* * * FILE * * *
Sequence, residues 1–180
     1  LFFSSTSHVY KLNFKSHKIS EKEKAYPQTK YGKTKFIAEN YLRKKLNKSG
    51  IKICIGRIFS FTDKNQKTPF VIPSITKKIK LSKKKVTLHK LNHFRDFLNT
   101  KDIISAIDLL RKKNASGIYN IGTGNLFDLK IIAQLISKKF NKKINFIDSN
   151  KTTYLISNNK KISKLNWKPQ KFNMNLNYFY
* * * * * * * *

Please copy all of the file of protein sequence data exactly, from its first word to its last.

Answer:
Sequence, residues 1–180
     1  LFFSSTSHVY KLNFKSHKIS EKEKAYPQTK YGKTKFIAEN YLRKKLNKSG
    51  IKICIGRIFS FTDKNQKTPF VIPSITKKIK LSKKKVTLHK LNHFRDFLNT
   101  KDIISAIDLL RKKNASGIYN IGTGNLFDLK IIAQLISKKF NKKINFIDSN
   151  KTTYLISNNK KISKLNWKPQ KFNMNLNYFY